FABE 810 College Teaching in Engineering
3 Credits - S/U Graded
Instructor: R. J.
Gustafson, Associate Dean,
Professor, Food, Agricultural and Biological Engineering Dept.
181A Hitchcock Hall,
Phone: 614/292-0573 Off 614/848-8273 Home
Office Hours: Arranged
Time: Thursdays, , Rm 104 Agr.
Teaching Assistant: Geraldine Arnold
Phone: 688-9483 (Home)
Course Description and Outline
Designed as initial preparation for instruction in professional engineering programs at the college level. Focuses on skills, strategies and issues common to university teaching in general and engineering instruction more specifically. Designed to introduce learner to literature and research relevant to practicing teachers of engineering.
Students will be aware of, and know how to access the body of knowledge available to assist in design and implementation of teaching/learning at the college level; e.g. be knowledgeable of key organizations supporting engineering instruction like ASEE and ABET, general publications in education, and instructional resources as OSU Office for Faculty and TA Development.
Students will be aware of the curriculum issues related to engineering education specifically; e.g. accreditation requirements, laboratory development and design instruction.
Students will be able to recognize the options for types of instructional approaches to engineering materials and have understanding of their appropriate application.
Students will be able to implement both a formative and summative evaluation plan for their teaching.
Students will have developed their own philosophy of teaching statement.
- Introduction and discussion of course goals
- Historic perspectives in teaching engineering and university teaching
- Elements of a philosophy of teaching statement
Chism, Chapter 1 - The Teaching Self
Assignment: Philosophy of Teaching Statement Development
2. Course Planning and Syllabus Design; Learning Objectives
3. Learning Styles; Dr. Jamie Cano, Associate Professor, Community and Human Development
- Basics of learning styles
- Practical implications for teaching engineering
Learning Styles by Jamie Cano (Unpublished Handout)
Chism, Chapter 2 - How Students Learn
4. Gateway Freshman Engineering Conference
Students will be invited to participate in a Ohio Freshman Engineering Conference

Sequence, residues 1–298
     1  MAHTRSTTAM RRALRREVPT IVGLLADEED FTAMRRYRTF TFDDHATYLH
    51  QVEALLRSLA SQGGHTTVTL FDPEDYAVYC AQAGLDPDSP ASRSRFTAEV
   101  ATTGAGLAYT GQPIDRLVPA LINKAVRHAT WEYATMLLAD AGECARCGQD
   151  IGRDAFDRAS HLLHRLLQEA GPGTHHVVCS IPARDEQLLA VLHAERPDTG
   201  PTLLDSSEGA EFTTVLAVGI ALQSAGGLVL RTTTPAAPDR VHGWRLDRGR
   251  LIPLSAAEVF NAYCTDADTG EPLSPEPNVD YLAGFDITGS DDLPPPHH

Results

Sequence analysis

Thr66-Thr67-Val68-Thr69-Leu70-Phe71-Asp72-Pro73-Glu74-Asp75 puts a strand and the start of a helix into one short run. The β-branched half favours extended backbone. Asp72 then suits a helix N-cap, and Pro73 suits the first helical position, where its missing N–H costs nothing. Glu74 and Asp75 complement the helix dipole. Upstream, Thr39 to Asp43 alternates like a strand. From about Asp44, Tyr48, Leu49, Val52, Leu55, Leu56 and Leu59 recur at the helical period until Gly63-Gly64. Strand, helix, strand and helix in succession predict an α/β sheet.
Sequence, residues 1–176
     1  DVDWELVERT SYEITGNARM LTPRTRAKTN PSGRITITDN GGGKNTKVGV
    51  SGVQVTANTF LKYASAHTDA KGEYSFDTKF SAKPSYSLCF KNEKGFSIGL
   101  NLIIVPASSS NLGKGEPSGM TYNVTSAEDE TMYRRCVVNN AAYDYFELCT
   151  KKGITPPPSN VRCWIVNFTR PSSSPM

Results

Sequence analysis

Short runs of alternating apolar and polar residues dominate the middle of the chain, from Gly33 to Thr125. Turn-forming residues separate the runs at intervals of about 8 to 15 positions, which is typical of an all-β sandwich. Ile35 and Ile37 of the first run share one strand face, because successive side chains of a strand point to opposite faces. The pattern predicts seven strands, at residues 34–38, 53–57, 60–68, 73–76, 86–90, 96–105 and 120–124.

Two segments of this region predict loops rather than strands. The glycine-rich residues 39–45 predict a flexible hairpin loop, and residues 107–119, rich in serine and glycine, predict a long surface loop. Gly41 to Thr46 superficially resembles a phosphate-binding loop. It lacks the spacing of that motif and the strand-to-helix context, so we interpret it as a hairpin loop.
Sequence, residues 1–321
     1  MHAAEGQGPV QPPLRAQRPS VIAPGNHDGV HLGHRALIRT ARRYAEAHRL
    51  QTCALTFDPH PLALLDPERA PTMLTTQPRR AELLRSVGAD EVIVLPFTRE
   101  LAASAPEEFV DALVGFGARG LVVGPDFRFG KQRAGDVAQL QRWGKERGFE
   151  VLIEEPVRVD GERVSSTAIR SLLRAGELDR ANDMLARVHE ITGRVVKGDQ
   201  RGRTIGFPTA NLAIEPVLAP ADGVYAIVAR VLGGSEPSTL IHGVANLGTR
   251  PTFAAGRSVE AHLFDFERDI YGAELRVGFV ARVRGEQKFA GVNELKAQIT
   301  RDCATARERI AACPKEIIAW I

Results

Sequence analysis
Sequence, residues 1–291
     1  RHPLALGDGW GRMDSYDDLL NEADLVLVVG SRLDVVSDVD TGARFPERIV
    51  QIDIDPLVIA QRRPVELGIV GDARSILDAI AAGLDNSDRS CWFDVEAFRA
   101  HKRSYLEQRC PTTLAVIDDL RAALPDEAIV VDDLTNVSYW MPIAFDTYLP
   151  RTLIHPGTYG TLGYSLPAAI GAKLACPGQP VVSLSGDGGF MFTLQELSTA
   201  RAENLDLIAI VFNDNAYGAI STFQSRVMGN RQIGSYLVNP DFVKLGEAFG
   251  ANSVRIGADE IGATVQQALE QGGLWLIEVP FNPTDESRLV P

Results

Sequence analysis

This conference will start Thursday evening and end Friday mid-afternoon.
Students will be asked to participate as their schedules allow.
Full meeting program will be handed out in at first class meeting.
5. Lecture/Presentation in the College Environment & Cognitive Levels of Learning; Dr. L. H. Newcomb, Associate Dean, College of Food, Agricultural and Environmental Sciences
Levels of Cognitive Learning and Their Application to Questioning Practice by L. H. Newcomb and M. K. Trefz (Unpublished Handout)
Selected Handouts on Bloom’s Taxonomy, Cognitive Levels of Learning, and Vocabulary Useful in Developing Learning Objectives by L. H. Newcomb (Unpublished Handouts)
6. Teaching with Technology; Where are we going
and why?: Dr. John Chovan,
Non-traditional Audiences and Students: Dr. Keith Smith, Director,
- Characteristics of Adult Learners
- Teaching adults through outreach
- Professional and workplace presentations
Even, M. J. 1987. “Why adults learn in different ways”, Lifelong learning 10(8):22-27.
Severiens, S.E. and G.T.M. TenDam. 1994. “Gender differences in learning styles: a narrative review and quantitative meta-analysis”, Higher Ed 27:487-501.
7b. Curriculum Structure in Engineering and Teaching with Technology
Part 1 ABET and Accreditation
8. Teaching Design, and Laboratory Development and Management
Panel Discussion with Current Faculty (TBD)
McKeachie, Chapter 11
Wilcznski, V. and S. M. Douglas. 1995. “Integrating Design Across the Engineering Curriculum: A Report From the Trenches”, J. Eng. Ed. July, pp. 235-239.
9a. University Life and the New Faculty Member
University Life and The New
Faculty Member, Dr. David Ashley, Dean,
- Nature of a University